AB - Analysis of people's preferences concerning the orientation of paintings has revealed robust evidence for what is known as the aesthetic oblique effect. That is, horizontal/vertical lines are preferred, aesthetically-speaking, over oblique lines in painting by both artists and those who view their works. At the same time, however, researchers have also demonstrated the existence of a preference for linear food elements (be they presented on the plate or on product packaging) when shown ascending to the right (rather than the left, or else when presented in any another orientation). Here, we report on three online studies, the first demonstrating that people visually prefer an edible version of one of Kandinsky's paintings when presented horizontally (while preferring either the horizontal or vertical orientation for the painting on which the dish was based; Experiment 1). In a second study, a similar preference for the horizontal/vertical alignment of a much simpler langoustine dish, with a single dominant linear element, was also documented. This preference for the canonical orientations was also reported in a third experiment with another visually-simple chef-prepared dish. Taken together, these results therefore emphasize the similarity in aesthetic preferences for the horizontal/vertical alignment when viewing either paintings or certain chef-prepared plates of food. At the same time, however, these results also raise the question of what factors determine whether the horizontal/vertical or the ascending to the right preference dominates when plating food.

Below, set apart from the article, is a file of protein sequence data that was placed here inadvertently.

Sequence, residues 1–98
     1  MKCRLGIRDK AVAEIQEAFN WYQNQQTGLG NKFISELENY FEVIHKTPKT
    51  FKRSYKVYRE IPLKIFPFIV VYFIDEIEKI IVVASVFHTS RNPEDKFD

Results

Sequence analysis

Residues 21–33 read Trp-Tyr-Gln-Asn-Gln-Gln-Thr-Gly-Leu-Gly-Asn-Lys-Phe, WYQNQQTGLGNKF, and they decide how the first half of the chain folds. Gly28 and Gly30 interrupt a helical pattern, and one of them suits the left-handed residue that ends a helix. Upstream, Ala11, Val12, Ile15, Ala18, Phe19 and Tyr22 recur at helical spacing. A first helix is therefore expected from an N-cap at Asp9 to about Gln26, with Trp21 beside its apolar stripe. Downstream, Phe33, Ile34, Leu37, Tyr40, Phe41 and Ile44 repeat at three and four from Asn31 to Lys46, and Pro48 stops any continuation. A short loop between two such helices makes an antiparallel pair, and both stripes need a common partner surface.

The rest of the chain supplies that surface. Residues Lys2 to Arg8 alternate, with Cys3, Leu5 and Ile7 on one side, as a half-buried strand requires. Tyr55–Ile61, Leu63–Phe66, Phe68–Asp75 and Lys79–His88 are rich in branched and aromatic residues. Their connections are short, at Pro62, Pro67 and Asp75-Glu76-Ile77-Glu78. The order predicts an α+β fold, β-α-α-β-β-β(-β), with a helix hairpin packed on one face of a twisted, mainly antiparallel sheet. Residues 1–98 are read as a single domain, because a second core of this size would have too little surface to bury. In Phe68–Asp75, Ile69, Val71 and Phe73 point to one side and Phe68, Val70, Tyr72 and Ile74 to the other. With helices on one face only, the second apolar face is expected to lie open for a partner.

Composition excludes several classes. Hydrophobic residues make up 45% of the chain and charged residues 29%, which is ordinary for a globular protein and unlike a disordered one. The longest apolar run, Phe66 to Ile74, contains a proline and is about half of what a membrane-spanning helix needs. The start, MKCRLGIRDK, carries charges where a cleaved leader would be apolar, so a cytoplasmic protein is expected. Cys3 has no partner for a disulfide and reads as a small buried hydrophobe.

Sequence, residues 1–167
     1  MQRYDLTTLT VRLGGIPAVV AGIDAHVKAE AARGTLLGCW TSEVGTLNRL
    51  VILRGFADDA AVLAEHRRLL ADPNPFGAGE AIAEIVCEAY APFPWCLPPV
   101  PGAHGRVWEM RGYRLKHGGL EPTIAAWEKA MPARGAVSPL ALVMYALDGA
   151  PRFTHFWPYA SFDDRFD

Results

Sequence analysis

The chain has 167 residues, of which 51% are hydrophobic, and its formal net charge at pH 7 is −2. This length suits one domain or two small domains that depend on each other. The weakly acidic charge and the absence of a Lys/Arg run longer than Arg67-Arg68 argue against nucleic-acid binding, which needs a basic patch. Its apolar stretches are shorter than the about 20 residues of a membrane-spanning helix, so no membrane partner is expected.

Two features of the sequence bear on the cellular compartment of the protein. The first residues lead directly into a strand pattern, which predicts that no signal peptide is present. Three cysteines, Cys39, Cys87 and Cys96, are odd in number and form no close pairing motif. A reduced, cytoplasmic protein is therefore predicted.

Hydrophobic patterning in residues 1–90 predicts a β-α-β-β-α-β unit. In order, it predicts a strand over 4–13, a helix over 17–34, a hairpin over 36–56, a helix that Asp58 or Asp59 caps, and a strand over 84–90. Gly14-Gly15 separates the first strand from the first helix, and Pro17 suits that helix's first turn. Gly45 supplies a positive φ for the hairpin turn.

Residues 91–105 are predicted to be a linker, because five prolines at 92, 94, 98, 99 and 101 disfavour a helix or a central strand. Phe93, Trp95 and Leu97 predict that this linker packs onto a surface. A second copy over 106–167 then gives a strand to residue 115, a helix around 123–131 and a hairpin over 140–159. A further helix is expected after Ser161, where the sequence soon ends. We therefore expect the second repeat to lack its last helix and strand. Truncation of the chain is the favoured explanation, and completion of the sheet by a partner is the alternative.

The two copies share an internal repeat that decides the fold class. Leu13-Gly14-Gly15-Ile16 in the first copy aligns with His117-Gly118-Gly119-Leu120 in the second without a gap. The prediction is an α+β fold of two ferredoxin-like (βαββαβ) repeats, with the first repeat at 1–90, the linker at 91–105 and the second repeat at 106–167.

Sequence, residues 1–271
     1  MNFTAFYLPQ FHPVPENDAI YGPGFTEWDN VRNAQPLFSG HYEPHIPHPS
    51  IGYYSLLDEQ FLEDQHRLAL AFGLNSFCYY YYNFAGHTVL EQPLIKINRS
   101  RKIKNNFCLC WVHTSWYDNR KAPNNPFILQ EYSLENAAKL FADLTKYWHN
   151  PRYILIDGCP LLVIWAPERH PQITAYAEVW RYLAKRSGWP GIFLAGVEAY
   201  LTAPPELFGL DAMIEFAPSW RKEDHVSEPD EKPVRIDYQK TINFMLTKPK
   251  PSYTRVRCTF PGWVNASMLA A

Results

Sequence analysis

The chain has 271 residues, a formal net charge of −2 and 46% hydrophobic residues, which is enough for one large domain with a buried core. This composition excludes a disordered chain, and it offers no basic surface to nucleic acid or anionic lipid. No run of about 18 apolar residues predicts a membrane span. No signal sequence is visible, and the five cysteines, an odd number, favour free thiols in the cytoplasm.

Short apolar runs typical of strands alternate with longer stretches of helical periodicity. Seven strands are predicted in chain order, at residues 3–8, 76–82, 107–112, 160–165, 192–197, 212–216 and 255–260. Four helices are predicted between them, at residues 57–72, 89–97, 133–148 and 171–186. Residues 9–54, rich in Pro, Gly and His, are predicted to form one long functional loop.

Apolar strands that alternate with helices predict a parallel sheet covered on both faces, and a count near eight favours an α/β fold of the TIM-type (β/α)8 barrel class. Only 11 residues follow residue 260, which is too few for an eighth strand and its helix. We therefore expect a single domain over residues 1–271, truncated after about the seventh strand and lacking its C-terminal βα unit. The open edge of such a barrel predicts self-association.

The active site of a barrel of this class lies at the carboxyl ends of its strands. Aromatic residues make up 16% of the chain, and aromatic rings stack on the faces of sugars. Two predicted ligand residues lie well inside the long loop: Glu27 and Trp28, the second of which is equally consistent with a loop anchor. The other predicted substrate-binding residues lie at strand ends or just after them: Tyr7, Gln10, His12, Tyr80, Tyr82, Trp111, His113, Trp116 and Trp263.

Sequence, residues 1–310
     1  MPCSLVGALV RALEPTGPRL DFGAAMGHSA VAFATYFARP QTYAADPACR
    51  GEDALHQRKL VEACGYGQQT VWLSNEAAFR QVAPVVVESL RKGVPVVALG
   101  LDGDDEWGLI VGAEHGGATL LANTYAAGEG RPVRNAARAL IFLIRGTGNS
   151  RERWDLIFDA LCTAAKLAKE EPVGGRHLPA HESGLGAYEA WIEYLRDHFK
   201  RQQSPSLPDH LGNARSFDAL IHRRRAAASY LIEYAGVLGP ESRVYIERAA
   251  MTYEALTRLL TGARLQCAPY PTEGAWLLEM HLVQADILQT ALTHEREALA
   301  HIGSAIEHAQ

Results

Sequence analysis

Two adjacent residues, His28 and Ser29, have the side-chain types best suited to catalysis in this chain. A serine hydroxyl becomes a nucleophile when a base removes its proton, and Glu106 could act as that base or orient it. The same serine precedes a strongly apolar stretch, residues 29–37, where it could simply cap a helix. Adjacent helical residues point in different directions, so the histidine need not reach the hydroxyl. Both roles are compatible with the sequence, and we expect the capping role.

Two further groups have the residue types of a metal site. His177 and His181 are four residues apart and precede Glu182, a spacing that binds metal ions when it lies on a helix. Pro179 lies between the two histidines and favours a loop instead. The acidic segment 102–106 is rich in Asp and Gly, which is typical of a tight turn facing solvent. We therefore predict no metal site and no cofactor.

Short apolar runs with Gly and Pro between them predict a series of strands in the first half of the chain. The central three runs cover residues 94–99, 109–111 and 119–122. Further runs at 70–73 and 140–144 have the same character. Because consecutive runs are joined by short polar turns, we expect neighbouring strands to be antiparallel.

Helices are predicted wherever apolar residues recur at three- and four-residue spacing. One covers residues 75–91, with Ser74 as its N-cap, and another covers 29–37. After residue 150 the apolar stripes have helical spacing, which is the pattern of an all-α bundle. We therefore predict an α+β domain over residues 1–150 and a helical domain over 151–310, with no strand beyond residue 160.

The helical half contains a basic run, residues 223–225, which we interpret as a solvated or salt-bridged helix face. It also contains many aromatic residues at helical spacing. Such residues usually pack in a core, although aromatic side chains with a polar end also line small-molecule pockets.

KW - Aesthetic oblique effect

KW - Experimental aesthetics

KW - Gastrophysics

KW - Painting

KW - Plating

UR - http://www.scopus.com/inward/record.url?scp=85069723967&partnerID=8YFLogxK

U2 - 10.1016/j.ijgfs.2019.100168

DO - 10.1016/j.ijgfs.2019.100168

M3 - Article

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VL - 17

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JO - International Journal of Gastronomy and Food Science

JF - International Journal of Gastronomy and Food Science

SN - 1878-450X

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ER -